Yesterday, we said that if we're looking for a candidate, Jesus is Him. He's the one. Jesus is the person who can relate to what we're going through and who also has the expertise necessary to address the issues in our lives that are most concerning to us.
But that doesn't mean that He campaigned for the job.
This is something we have to be careful about when we draw connections between the things in our lives that make sense to us (like elections) and Jesus; we can't get the two of them tangled up.
Jesus didn't come to campaign. He didn't come here to win your allegiance. He's not asking for your vote. God didn't send His one and only Son in the hopes that you might like Him better because He did. He didn't send Jesus to the Cross so that He might recruit you to His team. His end goal is not that you put a sign in your yard, wear the T-shirt, and maybe hang out at the polls and ask a couple of friends to vote for Him, too (even though we so often think that is exactly the goal of the Christian faith - and most of us have the T-shirts, bumper stickers, and yard signs to prove it).
God sent Jesus into the world for one reason and one reason only: that He might reconcile you to Himself so that you don't have to spend eternity apart. So that you have a way back to the place that your heart still longs for, for the Eden that echoes in all of us. So that the very big distance between us and Him could be bridged by the outstretched arms of Christ, all the way from east to west.
Jesus came to accomplish His purposes, not to campaign for ours.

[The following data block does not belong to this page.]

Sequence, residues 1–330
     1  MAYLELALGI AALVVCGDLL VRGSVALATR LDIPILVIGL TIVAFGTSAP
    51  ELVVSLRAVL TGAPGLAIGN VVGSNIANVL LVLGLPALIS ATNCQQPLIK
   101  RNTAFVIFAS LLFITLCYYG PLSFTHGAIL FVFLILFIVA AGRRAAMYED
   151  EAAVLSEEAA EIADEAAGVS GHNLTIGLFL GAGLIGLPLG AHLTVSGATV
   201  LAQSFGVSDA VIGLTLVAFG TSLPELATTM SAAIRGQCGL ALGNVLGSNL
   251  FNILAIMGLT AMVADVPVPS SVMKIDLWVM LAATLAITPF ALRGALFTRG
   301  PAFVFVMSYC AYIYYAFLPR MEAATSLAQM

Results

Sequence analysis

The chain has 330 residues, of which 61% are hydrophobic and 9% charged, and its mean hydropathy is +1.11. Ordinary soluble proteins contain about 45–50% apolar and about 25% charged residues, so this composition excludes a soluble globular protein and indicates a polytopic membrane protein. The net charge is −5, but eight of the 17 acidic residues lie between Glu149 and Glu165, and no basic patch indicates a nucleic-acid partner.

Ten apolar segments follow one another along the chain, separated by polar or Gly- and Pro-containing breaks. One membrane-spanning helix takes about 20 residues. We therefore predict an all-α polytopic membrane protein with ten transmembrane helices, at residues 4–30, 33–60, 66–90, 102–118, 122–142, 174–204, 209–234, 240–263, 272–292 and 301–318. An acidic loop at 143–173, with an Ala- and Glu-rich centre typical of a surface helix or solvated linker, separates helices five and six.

It just so happens, of course, that the real longing of our hearts is for His stuff anyway. So it's nice how that all worked out.
The point is that we can't let ourselves think, even as we think of Jesus in the context of being the guy we would vote for if we were voting, that God came as one contender among many, as one option on the ballot, as one God in a race of many. Jesus is not some final nail in the coffin against Thor or Odin or Baal or Milcom or any of the other number of gods that peoples have worshiped over the years; He's not some campaign tactic so that you might write His name down somewhere.
He is the reconciling, full-blooded body of God Himself, come in the flesh to deal a death blow to death itself with three nails - not in the coffin, but in the Cross. And that's not something we get to vote on. That just is what it is.
And if you want to vote, if you really feel the need to vote, if this is the Guy you choose to give your voice to and want to even campaign for, then you vote with your life, not your T-shirt. You pick up a Cross, not a yard sign. You come to the table, not the ballot box.
Yes, Jesus is the guy we would vote for; He's everything we're looking for. But this is no campaign; it's a covenant.
It's not a promise; it's the promise.